In 1963 the Board of Trustees desegregated the undergraduate college. Duke enrolled its first graduate students in 1961; the school did not admit Black undergraduates until September 1963. The teaching staff remained all-White until 1966. Increased activism on campus during the 1960s prompted Martin Luther King Jr. to speak at the University in November 1964 on the progress of the Civil Rights Movement. Following Douglas Knight's resignation from the office of university president, Terry Sanford, the former governor of North Carolina, was elected president of the university in 1969, propelling The Fuqua School of Business' opening, the William R. Perkins library completion, the founding of the Institute of Policy Sciences and Public Affairs; the separate Woman's College merged back with Trinity as the liberal arts college for both men and women in 1972. Beginning in the 1970s, Duke administrators began a long-term effort to strengthen Duke's r
National Library of the Czech Republic
The National Library of the Czech Republic is the central library of the Czech Republic. It is directed by the Ministry of Culture; the library's main building is located in the historical Clementinum building in Prague, where half of its books are kept. The other half of the collection is stored in the district of Hostivař; the National Library is the biggest library in the Czech Republic, in its funds there are around 6 million documents. The library has around 60,000 registered readers; as well as Czech texts, the library stores older material from Turkey and India. The library houses books for Charles University in Prague; the library won international recognition in 2005 as it received the inaugural Jikji Prize from UNESCO via the Memory of the World Programme for its efforts in digitising old texts. The project, which commenced in 1992, involved the digitisation of 1,700 documents in its first 13 years; the most precious medieval manuscripts preserved in the National Library are the Codex Vyssegradensis and the Passional of Abbes Kunigunde.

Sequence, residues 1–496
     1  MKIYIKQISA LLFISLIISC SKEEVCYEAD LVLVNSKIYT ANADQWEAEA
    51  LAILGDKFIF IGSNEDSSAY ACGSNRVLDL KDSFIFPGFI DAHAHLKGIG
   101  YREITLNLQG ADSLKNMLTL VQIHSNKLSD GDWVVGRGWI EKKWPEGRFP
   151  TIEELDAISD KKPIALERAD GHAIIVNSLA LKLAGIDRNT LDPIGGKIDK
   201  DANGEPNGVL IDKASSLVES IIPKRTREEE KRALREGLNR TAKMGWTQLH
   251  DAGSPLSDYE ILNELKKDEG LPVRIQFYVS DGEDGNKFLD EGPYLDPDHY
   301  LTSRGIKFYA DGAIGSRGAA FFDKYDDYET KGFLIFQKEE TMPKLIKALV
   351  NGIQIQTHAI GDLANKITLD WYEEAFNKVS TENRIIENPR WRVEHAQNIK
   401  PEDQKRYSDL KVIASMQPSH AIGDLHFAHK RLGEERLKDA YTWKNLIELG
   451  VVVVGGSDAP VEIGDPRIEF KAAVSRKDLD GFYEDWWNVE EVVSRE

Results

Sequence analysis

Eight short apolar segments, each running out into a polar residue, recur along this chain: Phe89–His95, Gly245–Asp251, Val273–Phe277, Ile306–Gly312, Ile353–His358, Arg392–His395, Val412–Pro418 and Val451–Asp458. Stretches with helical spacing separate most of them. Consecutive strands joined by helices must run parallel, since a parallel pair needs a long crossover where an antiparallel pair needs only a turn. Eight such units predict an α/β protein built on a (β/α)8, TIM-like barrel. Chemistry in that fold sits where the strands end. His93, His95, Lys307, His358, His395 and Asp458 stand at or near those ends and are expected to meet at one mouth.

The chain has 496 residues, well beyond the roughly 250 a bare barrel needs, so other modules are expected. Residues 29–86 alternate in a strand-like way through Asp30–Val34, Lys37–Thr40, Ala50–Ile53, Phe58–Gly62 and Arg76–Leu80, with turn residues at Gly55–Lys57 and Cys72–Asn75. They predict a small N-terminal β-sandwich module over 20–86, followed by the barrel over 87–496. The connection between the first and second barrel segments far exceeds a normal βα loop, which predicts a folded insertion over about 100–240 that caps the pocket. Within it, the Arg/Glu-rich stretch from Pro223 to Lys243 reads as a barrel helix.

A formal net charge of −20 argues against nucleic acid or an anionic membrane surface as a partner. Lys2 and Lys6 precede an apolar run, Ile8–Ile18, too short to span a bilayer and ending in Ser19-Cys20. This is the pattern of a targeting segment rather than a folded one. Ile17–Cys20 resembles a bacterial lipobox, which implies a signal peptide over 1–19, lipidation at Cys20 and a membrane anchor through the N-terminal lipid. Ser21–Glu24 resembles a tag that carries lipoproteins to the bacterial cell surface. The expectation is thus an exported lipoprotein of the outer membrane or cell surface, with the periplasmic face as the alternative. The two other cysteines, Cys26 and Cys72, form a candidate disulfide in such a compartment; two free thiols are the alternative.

In 2006 the Czech parliament approved funding for the construction of a new library building on Letna plain, between Hradčanská metro station and Sparta Prague's football ground, Letná stadium. In March 2007, following a request for tender, Czech architect Jan Kaplický was selected by a jury to undertake the project, with a projected completion date of 2011. In 2007 the project was delayed following objections regarding its proposed location from government officials including Prague Mayor Pavel Bém and President Václav Klaus. Plans for the building had still not been decided in February 2008, with the matter being referred to the Office for the Protection of Competition in order to determine if the tender had been won fairly. In 2008, Minister of Culture Václav Jehlička announced the end of the project, following a ruling from the European Commission that the tender process had not been carried out legally; the library was affected by the 2002 European floods, with some documents moved to upper levels to avoid the excess water.
Over 4,000 books were removed from the library in July 2011 following flooding in parts of the main building. There was a fire at the library in December 2012. List of national and state libraries Official website
Jewish Book Council